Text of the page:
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PICList Thread
'Tie outputs together? ... and more'
1997\04\07@162736 by gtham

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Hi everybody,

A few basic PIC hardware questions for you:

1.  I need more than 25mA.  I know it works to tie outputs
   together, but is it safe, as long as the specified max
   current of the port is not exceeded?  I have a feeling
   it's frowned upon.  I measured the short-circuit current
   between outputs, and it is less than 1 microamp, hi and
   low, loaded and unloaded.  I don't have a scope here,
   so I can't see what happens during switching.

2.  Isn't sinking slightly better/more efficient than
   sourcing?
   I'm talking of ordinary loads here, say 5mA.

3.  Is a PIC likely to die from things like a momentary
   short-circuit of an output, like during measuring?


Thanks.  I don't have a formal education in this field,
so excuse the amateurish angle.

Gustaf

1997\04\07@164359 by Clyde Smith-Stubbs

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Thus spake Gustaf Tham (spam_OUTgthamTakeThisOuTspamLIDKOPING.MAIL.TELIA.COM):

> 1.  I need more than 25mA.  I know it works to tie outputs
>     together, but is it safe, as long as the specified max
>     current of the port is not exceeded?  I have a feeling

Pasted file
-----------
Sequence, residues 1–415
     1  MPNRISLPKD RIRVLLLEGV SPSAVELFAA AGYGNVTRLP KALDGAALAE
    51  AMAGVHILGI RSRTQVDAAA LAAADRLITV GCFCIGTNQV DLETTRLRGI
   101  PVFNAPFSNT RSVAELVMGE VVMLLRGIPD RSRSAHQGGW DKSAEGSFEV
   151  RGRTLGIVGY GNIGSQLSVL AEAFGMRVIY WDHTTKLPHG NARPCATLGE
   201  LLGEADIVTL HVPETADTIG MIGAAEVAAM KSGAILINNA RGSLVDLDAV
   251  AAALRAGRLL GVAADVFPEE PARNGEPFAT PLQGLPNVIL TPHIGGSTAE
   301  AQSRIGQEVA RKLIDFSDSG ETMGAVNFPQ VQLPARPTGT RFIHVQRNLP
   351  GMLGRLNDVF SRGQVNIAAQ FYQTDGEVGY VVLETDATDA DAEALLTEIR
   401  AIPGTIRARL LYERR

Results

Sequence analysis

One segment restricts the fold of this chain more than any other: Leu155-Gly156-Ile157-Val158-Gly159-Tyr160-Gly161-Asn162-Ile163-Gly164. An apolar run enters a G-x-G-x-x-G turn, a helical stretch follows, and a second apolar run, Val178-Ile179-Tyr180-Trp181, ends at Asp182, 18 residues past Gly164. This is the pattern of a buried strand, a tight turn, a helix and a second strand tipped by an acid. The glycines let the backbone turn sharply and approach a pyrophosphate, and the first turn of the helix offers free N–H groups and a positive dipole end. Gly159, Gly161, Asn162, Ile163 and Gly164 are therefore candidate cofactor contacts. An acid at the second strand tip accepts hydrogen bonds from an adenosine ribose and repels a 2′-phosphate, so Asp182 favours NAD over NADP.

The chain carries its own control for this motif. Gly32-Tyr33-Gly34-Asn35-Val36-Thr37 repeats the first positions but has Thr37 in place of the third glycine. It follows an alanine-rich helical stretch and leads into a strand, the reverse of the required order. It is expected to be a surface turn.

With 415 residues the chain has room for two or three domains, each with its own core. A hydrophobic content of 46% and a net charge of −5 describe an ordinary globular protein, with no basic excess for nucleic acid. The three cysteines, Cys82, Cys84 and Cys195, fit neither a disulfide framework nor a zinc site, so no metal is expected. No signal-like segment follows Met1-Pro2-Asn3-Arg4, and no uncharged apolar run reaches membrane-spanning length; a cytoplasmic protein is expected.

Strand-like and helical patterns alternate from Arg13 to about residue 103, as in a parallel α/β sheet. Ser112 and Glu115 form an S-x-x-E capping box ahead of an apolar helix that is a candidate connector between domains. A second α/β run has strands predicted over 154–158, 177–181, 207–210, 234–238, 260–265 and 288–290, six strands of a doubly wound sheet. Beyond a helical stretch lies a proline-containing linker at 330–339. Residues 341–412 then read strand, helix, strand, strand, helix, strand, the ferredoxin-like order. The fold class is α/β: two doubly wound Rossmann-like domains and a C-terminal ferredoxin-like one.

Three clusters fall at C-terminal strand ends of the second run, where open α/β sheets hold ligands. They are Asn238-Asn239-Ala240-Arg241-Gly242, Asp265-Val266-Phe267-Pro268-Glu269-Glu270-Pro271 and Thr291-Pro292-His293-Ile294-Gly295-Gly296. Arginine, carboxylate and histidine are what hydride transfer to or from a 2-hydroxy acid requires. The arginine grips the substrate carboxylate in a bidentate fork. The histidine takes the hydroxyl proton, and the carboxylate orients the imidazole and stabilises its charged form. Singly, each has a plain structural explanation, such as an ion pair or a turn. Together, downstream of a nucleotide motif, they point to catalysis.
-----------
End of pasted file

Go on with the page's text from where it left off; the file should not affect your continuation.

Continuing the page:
>     it's frowned upon.  I measured the short-circuit current

It's safe. Indeed, providing you respect all limits, it's recommended
in some circumstances.

> 2.  Isn't sinking slightly better/more efficient than
>     sourcing?

It used to be :-) With TTL and NMOS logic, the output drivers are not
symmetrical, and pull-down capabilities are much greater than pull-up.
With CMOS this is not true unless specifically designed that way. Check
the specs for the chip - look at the maximum sink and source currents for
a pin, and the output voltage at a specific current. Generally speaking
you will find no significant difference for CMOS chips like the PIC. There
are some outputs that are open-drain, and therefore can't pull up at all.
There are also some CMOS chips around that are designed with better pull-down
capability but that's unusual.

> 3.  Is a PIC likely to die from things like a momentary
>     short-circuit of an output, like during measuring?

No, not likely. There will be some limiting time after which you will damage
the chip if excessive current is being sourced or sunk - what it is is hard
to say, but a few seconds won't usually kill the chip - but if it does, don't
blame me!

> Thanks.  I don't have a formal education in this field,
> so excuse the amateurish angle.

Don't apologize. You asked clear, sensible questions, which is something
to be valued.

Cheers, Clyde

--
Clyde Smith-Stubbs    | HI-TECH Software,       | Voice: +61 7 3354 2411
.....clydeKILLspamspam@spam@htsoft.com      | P.O. Box 103, Alderley, | Fax:   +61 7 3354 2422
http://www.htsoft.com | QLD, 4051, AUSTRALIA.   |
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1997\04\15@081818 by gtham

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Thank you, Clyde and Kurt, for very informative answers.

I tied together six outputs of a 16c84, and let them both
source and sink 75mA.
I could not with certainty measure any difference in current
consumtion, so I guess that for most practical purposes below
20mA/output any difference in efficiency is negligible.
I'll stick to sinkin', though.  It feels better.

Gustaf

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